So, why use MAQS? There are several good reasons. It’s the only treatment currently available that kills mites on capped brood and the only one you can use with honey supers on the hive. More importantly, responsible beekeepers employ Integrated Pest Management (IPM) using a variety of treatments. This helps decrease the likelihood of the mites developing resistance to a particular treatment.

Our treatment plan includes MAQS, Oxalic Acid vaporizing, and drone frames. If we ever manage to get a large enough hive to split, we’ll do that too.

We also use a sticky board and sugar roll to count our mite load and plan to try an alcohol wash this season just to get an idea of how many mites the sugar method is missing.

Though it looks horrible, having this many bees die is not a tragedy, but a side-effect. It’s better than helping cause a treatment to become useless. And it’s much better than allowing the Varroa load to get high enough to cause a hive collapse .

Because when a hive collapses, the bees that survive join other hives in the area.

The mites go with them, starting the problem all over for whichever beekeeper happens to be unfortunate enough to live nearby.

For more information on IPM, visit the following sites.

Ohio State University Bee Lab

Mid-Atlantic Apicultural Research & Extension Consortium


Long May She Reign!

News flash: The queen lives on!

Perhaps we owe thanks to the previous queen for blessing our hive with easygoing offspring who acted against instinct and didn’t kill their would-be monarch. Maybe this queen possesses some extra-strong pheromones. Or it could be the stars just aligned in her favor. We know this apparent miracle isn’t due to skill or knowledge on our part.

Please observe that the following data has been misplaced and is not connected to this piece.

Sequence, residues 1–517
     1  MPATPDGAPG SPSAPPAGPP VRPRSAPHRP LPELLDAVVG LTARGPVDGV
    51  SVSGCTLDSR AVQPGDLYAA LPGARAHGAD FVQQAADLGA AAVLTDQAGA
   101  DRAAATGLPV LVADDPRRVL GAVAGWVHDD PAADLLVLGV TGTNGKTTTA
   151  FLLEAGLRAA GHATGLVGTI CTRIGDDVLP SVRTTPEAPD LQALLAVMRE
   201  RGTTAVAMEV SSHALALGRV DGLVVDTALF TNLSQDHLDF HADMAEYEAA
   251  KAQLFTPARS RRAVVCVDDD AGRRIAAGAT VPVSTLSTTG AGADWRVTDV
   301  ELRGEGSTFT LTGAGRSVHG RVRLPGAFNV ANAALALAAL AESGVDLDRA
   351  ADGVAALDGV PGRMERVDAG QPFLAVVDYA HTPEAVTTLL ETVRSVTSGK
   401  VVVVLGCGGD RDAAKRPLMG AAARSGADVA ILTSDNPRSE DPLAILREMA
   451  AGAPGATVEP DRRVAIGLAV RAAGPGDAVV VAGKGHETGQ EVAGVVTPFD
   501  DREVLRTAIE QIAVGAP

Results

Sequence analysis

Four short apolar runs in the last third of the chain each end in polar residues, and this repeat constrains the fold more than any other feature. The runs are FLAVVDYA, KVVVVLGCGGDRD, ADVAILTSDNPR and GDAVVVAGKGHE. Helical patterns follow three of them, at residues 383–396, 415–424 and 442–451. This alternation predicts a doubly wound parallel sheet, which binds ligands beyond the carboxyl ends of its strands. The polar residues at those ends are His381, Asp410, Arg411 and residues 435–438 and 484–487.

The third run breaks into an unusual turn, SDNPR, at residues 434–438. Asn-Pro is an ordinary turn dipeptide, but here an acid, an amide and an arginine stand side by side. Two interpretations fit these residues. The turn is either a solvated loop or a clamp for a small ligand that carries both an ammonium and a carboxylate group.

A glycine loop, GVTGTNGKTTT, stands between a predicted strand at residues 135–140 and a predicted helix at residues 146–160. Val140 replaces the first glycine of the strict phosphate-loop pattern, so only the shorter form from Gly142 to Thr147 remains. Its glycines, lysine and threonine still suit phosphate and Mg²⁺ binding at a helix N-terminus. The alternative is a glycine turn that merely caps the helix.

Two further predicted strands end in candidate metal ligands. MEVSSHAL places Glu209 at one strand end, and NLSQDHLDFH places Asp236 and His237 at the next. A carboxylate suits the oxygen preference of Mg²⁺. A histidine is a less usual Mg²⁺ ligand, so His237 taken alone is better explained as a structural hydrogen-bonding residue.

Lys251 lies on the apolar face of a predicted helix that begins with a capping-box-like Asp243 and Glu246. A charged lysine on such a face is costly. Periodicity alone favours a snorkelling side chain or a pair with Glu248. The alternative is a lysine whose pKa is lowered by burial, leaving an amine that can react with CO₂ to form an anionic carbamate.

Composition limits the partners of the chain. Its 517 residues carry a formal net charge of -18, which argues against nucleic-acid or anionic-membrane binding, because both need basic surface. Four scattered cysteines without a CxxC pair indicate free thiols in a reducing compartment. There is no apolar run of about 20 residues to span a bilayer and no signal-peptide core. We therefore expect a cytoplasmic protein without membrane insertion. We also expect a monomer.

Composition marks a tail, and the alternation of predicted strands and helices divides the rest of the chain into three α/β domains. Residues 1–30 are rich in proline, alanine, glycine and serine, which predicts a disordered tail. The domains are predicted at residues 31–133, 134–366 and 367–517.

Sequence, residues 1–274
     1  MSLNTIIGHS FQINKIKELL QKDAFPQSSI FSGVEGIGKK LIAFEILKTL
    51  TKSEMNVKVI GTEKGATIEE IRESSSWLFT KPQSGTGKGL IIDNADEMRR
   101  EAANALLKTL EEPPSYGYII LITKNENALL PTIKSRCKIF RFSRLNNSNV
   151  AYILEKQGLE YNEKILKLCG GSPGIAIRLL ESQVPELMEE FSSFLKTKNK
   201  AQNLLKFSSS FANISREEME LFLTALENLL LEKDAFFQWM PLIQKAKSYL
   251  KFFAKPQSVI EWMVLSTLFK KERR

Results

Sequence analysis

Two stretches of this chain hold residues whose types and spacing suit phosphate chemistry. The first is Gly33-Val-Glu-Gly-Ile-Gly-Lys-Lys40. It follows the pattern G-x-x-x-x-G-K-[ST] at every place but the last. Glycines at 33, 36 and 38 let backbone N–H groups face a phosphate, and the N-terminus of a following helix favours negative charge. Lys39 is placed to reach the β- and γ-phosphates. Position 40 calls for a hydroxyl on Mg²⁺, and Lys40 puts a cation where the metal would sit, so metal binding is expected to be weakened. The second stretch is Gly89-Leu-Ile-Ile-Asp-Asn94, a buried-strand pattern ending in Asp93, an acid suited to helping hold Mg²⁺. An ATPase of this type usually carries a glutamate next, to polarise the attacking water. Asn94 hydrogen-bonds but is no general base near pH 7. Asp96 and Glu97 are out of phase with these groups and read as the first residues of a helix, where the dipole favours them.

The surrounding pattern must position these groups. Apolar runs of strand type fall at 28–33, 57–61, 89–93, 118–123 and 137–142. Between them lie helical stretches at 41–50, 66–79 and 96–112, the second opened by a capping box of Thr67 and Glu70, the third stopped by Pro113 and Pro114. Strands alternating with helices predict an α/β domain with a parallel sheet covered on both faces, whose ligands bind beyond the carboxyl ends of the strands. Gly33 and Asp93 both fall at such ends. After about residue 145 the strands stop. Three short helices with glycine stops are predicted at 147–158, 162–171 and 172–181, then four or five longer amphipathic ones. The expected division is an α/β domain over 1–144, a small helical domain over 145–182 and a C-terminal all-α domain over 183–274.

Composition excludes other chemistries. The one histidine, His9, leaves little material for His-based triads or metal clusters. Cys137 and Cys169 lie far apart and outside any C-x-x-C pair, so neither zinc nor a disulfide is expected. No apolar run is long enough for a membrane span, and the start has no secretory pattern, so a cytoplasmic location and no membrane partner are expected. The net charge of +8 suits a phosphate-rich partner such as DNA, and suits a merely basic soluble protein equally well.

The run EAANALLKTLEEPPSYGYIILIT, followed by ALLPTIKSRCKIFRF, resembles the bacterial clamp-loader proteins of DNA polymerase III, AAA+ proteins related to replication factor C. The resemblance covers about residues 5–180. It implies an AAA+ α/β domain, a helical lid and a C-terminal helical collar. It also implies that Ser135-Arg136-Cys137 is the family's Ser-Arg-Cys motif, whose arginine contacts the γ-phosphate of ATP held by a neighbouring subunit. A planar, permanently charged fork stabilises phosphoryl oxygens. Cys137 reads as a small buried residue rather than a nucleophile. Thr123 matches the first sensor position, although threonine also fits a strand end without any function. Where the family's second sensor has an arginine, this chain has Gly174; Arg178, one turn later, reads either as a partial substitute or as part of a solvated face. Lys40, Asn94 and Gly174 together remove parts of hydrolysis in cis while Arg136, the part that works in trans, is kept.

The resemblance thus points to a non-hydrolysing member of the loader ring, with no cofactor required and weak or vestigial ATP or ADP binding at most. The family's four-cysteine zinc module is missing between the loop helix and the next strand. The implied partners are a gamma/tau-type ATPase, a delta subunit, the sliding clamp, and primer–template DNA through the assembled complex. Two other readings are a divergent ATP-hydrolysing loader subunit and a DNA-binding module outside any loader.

But when we finally opened the hive today to see what was going on, this is what we found. IMG_0072
Notice anything?

If you look very closely, you’ll see two different kinds of bees, darker Carniolans from our previous queen and lighter yellow ones from the new Italian one.

In the second picture, you might even see that the new yellow bees seem a little fuzzier.

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Below, you’ll see larvae and capped brood, and the difference between the two races is more distinct.

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What we never saw was the queen, whom we’re calling “The Red Queen” because she was originally marked with red — this year’s color. Unfortunately, that mark disappeared by the time we released her, which is partly why we didn’t spot her.  (Our last queen was marked yellow, but we never called her anything but “The Queen.”)

I’ll admit the hive has seemed quite active for one filled with winter survivors. And you probably won’t believe this, but a few days ago, I saw a bee fly past our kitchen window and noticed it wasn’t dark like ours from last year. I went out to watch the foragers entering and leaving the hive, but when I didn’t see any yellow bees, I assumed the one I’d seen was from a wild hive somewhere.

Then today, before our inspection, The Engineer mentioned he’d seen some yellow bees around the hive.

Did we dare hope? All the books said a hive with laying workers would kill a new queen.